Defendant's argument is that, until the effective date of Oregon Laws 1991, chapter 690, there was no constitutionally valid category 8 crime of DCS or category 6 crime of PCS. According to defendant, the effect of the 1991 enactment was to create those crimes for the first time. Therefore, as applied to him, the 1991 legislation is an ex post facto provision, because it makes his acts greater crimes than when committed and increases the quantum of punishment.

The ex post facto clause of Article I, section 21, of the Oregon Constitution is applied similarly to the ex post facto clause of the federal constitution. See State v. Gallant, 307 Or. 152, 764 P.2d 920 (1988); State v. Wille, 115 Or. App. 47, 839 P.2d 712 (1992), rev allowed 315 Or. 311 (1993). The Supreme Court has answered defendant's contentions adversely to his position in Dobbert v. Florida, 432 U.S. 282, 97 S Ct 2290, 53 L Ed 2d 344 (1977).

In Dobbert, the capital punishment sentencing scheme in effect when the defendant committed murder was later declared unconstitutional. Under that scheme, the death penalty was "presumed" unless the jury, in its unbridled discretion, recommended mercy. The Florida legislature then enacted a different capital punishment sentencing scheme based on aggravating and mitigating factors. That scheme passed constitutional scrutiny. The defendant argued that the ex post facto clause prohibited application of the new statute to his crimes. The Supreme Court rejected the defendant's arguments, holding that the change in the new statute was procedural and ameliorative and did not increase the quantum of punishment attached to the crime. 432 US at 293.

The defendant also argued that there was no death penalty when he committed the crimes, because the statute in effect was later declared unconstitutional. The Supreme Court summarily dismissed his contention:

"[T]his sophistic argument mocks the substance of the Ex Post Facto Clause. Whether or not the old statute would, in the future, withstand constitutional attack, it clearly indicated Florida's view of the severity of murder and of the degree of punishment which the legislature wished to impose upon murderers. The statute was intended to provide maximum deterrence, and its existence on the statute books provided fair warning as to the degree of culpability which the State ascribed to the act of murder." 432 US at 297.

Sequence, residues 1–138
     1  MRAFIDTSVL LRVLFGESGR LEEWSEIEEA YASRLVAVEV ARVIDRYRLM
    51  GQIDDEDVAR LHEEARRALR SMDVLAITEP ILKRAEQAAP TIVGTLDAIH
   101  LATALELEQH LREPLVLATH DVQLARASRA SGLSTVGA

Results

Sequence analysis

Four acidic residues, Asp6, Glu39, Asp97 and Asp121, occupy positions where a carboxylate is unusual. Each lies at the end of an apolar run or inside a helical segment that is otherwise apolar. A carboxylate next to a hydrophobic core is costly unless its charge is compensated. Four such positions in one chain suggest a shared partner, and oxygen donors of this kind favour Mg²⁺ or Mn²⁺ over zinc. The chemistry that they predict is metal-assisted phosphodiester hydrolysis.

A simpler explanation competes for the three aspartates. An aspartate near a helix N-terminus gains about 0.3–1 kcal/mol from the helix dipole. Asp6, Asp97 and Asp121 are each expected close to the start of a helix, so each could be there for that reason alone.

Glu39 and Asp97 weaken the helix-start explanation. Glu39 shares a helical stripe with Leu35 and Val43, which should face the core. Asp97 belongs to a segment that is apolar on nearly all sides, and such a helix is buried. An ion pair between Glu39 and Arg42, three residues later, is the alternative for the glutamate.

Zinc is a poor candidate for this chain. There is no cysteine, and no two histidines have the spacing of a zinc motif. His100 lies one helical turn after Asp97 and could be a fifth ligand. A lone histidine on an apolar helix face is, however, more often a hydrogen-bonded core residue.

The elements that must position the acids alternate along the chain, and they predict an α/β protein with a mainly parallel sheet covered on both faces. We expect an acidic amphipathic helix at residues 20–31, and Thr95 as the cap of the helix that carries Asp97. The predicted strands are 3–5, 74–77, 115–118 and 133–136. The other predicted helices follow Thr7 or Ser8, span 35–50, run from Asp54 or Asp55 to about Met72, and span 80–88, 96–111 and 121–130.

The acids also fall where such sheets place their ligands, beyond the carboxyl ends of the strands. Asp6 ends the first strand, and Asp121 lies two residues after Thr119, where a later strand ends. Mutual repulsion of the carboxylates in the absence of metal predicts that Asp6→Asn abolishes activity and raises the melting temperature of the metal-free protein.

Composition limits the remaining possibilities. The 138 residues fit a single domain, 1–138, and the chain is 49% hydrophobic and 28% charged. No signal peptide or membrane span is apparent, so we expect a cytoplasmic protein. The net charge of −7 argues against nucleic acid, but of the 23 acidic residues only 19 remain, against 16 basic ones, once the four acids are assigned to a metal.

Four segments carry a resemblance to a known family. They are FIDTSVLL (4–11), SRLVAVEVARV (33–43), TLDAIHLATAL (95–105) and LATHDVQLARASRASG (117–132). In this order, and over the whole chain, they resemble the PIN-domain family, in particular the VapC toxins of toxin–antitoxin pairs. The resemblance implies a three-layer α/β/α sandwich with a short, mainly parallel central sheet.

Likewise, Oregon Laws 1991, chapter 690, does not violate the ex post facto clauses. It did not create a greater crime or enhance the penalty. The elements of the crimes of DCS and PCS under ORS 475.992 are the same. The 1991 legislation controls only the sentencing factors that ORS 135.711 requires the indictment to allege. See State v. Lark, 113 Or. App. 458, 833 P.2d 1286, rev allowed 314 Or. 727 (1992). As the Supreme Court recently noted:

"The only function of the `scheme or network' allegation * * * was to move up the underlying drug offenses on the `crime-seriousness' scale for sentencing purposes. Although the state is required to plead specially in the indictment any offense-subcategory fact on which it seeks to rely to enhance an offense for sentencing purposes, such an allegation is required in addition to the allegations of the elements of the underlying offense. ORS 135.711." State v. Ferrell, 315 Or. 213, 221, 843 P.2d 939 (1992). (Emphasis in original; footnote omitted.)

The 1991 legislation also did not enhance the quantum of punishment for a conviction of DCS or PCS. Under the "scheme or network" provision, the maximum penalty that could be imposed on a conviction for DCS was within category 8 and for PCS was within category 6. Those penalties apply under Oregon Laws 1991, chapter 690.

"Scheme or network" aggravated the seriousness of the drug offenses of manufacture, delivery or possession. In State v. Moeller, supra, 105 Or App at 441, we held that the phrase was unconstitutionally vague because it was "susceptible to an abundance of possible meanings and applications, all or none of which may be the intended ones." Oregon Laws 1991, chapter 690, was enacted to provide specific notice of what conduct would support an enhanced sentence for those crimes. As in Dobbert, the new legislation provides defendants with more protection. The court did not err in overruling defendant's demurrer.